You Don’t Want a Compliance Culture

Originally posted on March 2, 2018 @ 12:58 PM

safety complianceI often get asked if I teach programs on compliance and I say no, I teach about learning cultures. The last thing organisations need is a compliance culture.

Compliance is most associated with adhering to standards or some regulatory requirement. Often compliance is associated with meeting minimal standards, doing what is required. However, there is a huge problem with seeking compliance. Laws and regulations are static, the human environment is not. Compliance standards are often based on history and can’t see forward to times of turbulence and change. Compliance to regulation shows that something has been learned historically but it doesn’t show what needs to be learned next. It is possible to comply with all standards and regulation and indeed be more unsafe.

Lets look at the following problem:

In my city in winter we experience the challenges of ‘black ice’ that is, ice on the road or surface that you cannot see but is treacherous. The speed limit in Canberra on the roads doesn’t vary because of weather conditions. In most parts the speed limit is 80-100 kms an hour. However, if there black ice is on the road, 50kph or less would be about right to drive safely. If drivers collectively slow down then visitors to our city tend to follow and so collectively we are kept safe. One could easily comply with 80kph and cause an accident. What is needed is much more than compliance. When we ask for people to drive to conditions we are going beyond compliance to human thinking, collective thinking and reflection on context. This is what is needed in a culture to enact safety. The maintenance of a thinking culture is much more effective than a compliance culture. Generally people learn by observing the ethos in a place and due to the social psychological pressure of belonging conform.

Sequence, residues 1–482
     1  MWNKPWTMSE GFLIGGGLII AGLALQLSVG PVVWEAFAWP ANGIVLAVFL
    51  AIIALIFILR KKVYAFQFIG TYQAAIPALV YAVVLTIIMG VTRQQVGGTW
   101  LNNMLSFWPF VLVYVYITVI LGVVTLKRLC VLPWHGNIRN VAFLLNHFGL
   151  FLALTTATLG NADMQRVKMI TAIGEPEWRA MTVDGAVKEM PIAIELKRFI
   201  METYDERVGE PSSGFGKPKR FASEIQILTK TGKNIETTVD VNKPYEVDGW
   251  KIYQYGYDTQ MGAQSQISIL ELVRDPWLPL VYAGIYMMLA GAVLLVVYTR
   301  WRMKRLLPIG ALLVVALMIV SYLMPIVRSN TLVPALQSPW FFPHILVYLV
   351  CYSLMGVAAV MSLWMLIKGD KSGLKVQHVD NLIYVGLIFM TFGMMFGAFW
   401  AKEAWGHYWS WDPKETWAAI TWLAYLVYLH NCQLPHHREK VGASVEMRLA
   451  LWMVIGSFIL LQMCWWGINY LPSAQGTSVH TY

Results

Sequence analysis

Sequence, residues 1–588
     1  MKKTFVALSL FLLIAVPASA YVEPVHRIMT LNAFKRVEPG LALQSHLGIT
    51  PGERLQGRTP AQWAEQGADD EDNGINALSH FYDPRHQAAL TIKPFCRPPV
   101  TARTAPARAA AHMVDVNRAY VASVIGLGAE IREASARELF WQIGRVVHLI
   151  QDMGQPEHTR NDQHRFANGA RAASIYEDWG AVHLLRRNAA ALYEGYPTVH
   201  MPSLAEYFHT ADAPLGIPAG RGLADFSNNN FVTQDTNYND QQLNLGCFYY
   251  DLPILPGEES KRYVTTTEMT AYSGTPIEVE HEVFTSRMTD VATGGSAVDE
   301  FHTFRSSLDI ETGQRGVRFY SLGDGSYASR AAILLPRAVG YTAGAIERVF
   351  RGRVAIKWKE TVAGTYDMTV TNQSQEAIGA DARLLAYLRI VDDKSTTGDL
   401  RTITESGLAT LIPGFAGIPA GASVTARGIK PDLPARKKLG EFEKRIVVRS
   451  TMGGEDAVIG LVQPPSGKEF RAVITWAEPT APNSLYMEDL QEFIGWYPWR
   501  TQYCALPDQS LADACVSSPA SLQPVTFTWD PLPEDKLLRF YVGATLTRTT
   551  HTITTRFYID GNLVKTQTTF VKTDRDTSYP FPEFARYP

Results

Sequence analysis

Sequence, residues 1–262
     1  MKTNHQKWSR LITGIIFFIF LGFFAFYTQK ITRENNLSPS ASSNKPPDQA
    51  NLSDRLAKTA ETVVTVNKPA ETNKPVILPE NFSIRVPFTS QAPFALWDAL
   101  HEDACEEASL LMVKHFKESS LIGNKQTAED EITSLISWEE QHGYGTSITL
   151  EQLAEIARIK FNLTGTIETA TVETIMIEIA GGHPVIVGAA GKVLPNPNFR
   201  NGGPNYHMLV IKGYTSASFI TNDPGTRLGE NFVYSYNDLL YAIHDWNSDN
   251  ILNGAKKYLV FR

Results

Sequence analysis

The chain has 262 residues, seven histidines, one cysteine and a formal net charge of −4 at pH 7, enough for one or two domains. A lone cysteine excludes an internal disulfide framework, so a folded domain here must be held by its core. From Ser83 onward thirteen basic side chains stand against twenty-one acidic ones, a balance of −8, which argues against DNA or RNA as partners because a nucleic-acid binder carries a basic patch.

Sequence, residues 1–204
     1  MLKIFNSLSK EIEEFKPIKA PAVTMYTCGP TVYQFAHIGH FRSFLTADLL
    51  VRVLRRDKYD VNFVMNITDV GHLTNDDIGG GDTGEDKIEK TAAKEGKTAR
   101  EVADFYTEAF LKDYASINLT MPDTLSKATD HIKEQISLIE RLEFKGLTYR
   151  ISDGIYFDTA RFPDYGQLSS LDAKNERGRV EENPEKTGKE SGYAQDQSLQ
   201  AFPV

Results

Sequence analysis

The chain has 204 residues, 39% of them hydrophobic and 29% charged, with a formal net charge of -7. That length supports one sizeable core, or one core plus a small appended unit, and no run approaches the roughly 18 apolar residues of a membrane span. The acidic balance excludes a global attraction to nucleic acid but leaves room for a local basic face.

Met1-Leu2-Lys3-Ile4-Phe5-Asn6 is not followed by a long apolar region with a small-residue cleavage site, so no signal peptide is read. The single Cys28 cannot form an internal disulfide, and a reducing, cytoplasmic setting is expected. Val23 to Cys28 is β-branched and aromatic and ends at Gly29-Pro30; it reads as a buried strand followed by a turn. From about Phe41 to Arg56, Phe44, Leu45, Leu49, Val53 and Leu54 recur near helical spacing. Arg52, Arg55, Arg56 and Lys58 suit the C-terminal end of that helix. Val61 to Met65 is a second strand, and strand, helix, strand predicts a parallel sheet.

The greatest capability fallible humans have to tackling risk is adaptability. If a computer assisted car drove on the road with black ice and complied, it too would cause an accident. Goodness knows how a driverless car could ‘sense’ black ice.

A culture is best understood as ‘the collective unconscious’: what do humans do, think, believe, value and enact collectively without thinking? If a culture is made a compliance culture then non-thinking is encouraged. As long as one complies, one is safe. This is a false belief.

Human thinking is not the enemy of safety rather, critical thinking in context is a special human ability that makes situations safe. We don’t want to make cultures of unthinking people conditioned to blind obedience and compliance. Human sausages don’t make good meet. Sometimes we are much safer when we assess the situation and decide that breaking the rule is the safest option.

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